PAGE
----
On the spectrum of anthropocentrism (humans are most important) and biocentrism (emphasis on environmental ethics), the global policy should account for both, but  place higher weight on the latter.[5] Generous funding by nations around the world is required (closer to biocentrism) but not in a way that severely compromises the functionality of their respective markets by imposing counterproductive funding mechanisms.[6]

A graphical analysis

Negative externalities cause an unpreferable and inefficient situation of market failure. In the context of climate change, scarce resources are overallocated to processes that greatly contribute to greenhouse gas emissions far above the optimal quantity for social wellbeing.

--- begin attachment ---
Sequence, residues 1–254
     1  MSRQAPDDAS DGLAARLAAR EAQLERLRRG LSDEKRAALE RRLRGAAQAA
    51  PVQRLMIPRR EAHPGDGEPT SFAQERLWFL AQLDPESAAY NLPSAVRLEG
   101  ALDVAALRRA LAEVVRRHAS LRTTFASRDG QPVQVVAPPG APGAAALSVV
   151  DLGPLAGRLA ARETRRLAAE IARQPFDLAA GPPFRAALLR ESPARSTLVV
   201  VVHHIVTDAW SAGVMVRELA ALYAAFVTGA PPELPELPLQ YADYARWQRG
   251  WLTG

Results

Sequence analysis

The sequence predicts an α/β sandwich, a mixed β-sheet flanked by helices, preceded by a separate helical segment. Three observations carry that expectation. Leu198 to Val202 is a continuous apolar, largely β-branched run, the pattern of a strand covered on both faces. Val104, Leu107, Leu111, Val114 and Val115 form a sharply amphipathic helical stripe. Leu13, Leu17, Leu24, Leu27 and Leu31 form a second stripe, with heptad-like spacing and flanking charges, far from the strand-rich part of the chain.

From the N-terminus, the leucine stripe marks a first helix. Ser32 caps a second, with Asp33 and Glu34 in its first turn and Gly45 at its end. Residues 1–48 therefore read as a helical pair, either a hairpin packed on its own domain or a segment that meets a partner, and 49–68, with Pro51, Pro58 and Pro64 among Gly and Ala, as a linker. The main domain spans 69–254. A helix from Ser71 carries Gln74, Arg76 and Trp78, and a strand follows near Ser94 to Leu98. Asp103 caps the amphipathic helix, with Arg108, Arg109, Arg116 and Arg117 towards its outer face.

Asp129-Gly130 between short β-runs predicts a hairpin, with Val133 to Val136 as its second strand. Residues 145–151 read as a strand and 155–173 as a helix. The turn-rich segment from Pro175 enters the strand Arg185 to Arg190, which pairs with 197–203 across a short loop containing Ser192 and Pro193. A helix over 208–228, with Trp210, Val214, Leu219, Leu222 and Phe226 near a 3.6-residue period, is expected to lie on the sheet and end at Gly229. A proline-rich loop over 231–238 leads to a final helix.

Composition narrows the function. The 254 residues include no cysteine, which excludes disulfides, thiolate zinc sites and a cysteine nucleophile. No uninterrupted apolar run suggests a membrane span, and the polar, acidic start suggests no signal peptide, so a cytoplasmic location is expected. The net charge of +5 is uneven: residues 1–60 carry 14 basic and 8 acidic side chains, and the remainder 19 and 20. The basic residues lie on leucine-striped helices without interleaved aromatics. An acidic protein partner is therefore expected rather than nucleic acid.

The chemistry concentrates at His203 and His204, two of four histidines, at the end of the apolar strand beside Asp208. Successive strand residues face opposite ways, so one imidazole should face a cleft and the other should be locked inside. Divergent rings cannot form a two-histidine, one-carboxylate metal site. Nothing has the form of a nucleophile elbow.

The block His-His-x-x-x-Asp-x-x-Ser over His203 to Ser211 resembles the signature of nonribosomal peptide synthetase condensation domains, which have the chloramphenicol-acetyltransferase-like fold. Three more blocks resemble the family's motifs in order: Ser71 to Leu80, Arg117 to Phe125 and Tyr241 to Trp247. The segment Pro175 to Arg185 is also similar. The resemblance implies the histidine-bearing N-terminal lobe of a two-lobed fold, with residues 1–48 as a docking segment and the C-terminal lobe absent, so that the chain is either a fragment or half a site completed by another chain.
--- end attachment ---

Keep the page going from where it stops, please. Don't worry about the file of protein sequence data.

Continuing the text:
Figure 1: Market for Coal Production

If left to the free market, goods that create a negative externality are inevitably overproduced, per Figure 1. Here the private cost for organisations to engage in coal production at the quantity Qp is far less than the actual social cost incurred by future generations. The optimal allocation for society is to decrease quantity to Qs so that the actual social cost is matched with the private cost.

Figure 2: Pigouvian Taxation for Coal Production

The solution to this dilemma is illustrated in Figure 2. We may increase the marginal private cost PMC to equal the actual cost to society (PMC’) through a tax t. This reduces the equilibrium quantity exchanged to xO from xm which is the socially optimal situation. This may play out as a progressive carbon tax whereby the large producers of CO2 are incentivised to reduce emissions. The offending industries of mass pollution will be faced with ruthless unaffordability and a requirement to change their ways in order to remain competitive. In summary, this policy will put a price on the externality – the externality of climate change.[7]